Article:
Panna cotta with peaches is exquisitely creamy and smooth. Made with heavy cream, yogurt, honey, fresh peaches, and a little bit of lemon thyme, it’s refreshing and oh so lush.
This panna cotta with peaches recipe features a soft pudding-like base mixed with almond and honey that’s topped with peaches that have been infused with lemon thyme.–The Editors of Gourmet
DO I HAVE TO UNMOLD PANNA COTTA?
Here’s what the awesome editors of Gourmet, God rest its soul, had to say about the eternally perplexing question of whether or not to unmold panna cotta: “The translation from Italian—cooked cream—doesn’t begin to convey how luscious the gently gelled sweet cream mixture called panna cotta is. The amount of gelatin determines how tender the results will be. If you don’t plan to unmold the dessert, you can play a bit with the gelatin, lowering it to a point where the panna cotta is set so softly that it holds its shape on a spoon but dissolves into a puddle on your tongue, like this one. If you want to try unmolded versions, be sure to lightly oil your molds first and chill the panna cotta well, at least 6 hours. When it’s time to turn them out, dip each mold for about 10 seconds in a bowl of warm water, then dry off the bottom before inverting it onto a plate.” We say just use pretty bowls and grab a spoon.
Panna Cotta with Peaches
For the panna cotta
For the peaches
- 1 1/2 tablespoons fresh lemon thyme leaves
- 1 tablespoon granulated sugar
- 3 peaches peeled if desired, pitted, and thinly sliced
Make the panna cotta
- Sprinkle the gelatin over the water in a small heavy saucepan and let it stand for 1 minute to soften. Stir in the cream and salt, then heat gently over medium-low heat, stirring, until the gelatin has dissolved. Remove from the heat.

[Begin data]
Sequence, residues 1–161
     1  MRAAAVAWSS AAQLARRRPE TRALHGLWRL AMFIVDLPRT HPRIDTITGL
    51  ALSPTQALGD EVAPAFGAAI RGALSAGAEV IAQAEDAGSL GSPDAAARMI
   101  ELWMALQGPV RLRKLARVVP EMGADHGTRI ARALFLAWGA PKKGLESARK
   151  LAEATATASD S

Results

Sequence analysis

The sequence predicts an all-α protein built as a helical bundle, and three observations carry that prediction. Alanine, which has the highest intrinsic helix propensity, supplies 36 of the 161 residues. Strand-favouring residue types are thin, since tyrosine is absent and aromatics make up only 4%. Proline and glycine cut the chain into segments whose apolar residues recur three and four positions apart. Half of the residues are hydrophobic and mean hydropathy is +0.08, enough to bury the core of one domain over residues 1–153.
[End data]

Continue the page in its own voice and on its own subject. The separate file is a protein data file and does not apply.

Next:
- In a bowl, whisk together the yogurt, honey, and almond extract, then whisk that into the cream mixture.
- Pour the mixture into 4 small bowls, cover, and refrigerate until set, at least 6 to 8 hours and up to 3 days.
Make the peaches
- Just before serving, mince the lemon thyme with the sugar on a cutting board. Plop the peaches in a large bowl, sprinkle with the sugared thyme, and toss. Let the peaches rest at room temperature, stirring them and their juices occasionally, for 20 minutes.
Assemble the panna cotta with peaches
- While the peaches macerate in their juices, remove the panna cotta from the refrigerator, uncover, and let stand at room temperature.
- Don’t unmold the panna cotta. Instead, simply top each bowl of panna cotta with some of the peaches and juice. Drizzle with additional honey, if desired.
Recipe Testers' Reviews
Oh so easy, oh so satisfying. I have a bit of a thing with the cloying scent and flavor of almond extract, so I substituted vanilla extract and it was lovely, creamy, and the perfect base for any seasonal fruit or favorite topping. As there was nary a ripe peach in sight, I used diced ripe mangoes. When I get home to South Carolina, I'll try it as written with peaches, and maybe raspberries. Oh, and strawberries. And blueberries. You get the picture.
This panna cotta with peaches recipe had the most luscious of textures. The consistency reminded me of the best silken tofu I've ever had—so smooth, like putting velvet on your tongue. I think you really need to think about the size of peaches you choose for this panna cotta recipe. I used 3 large peaches (each about the size of a fist) that was entirely too much for 4 little bowls of panna cotta. If your peaches are small, yeah, 3 will work great.
Next time I'd lessen the amount of lemon thyme to 1 tablespoon lightly packed leaves. Also, while peeling the peaches is optional, I'd highly recommend removing the skins, as they don't look pretty and the added texture isn't a good thing.
Originally published July 18, 2014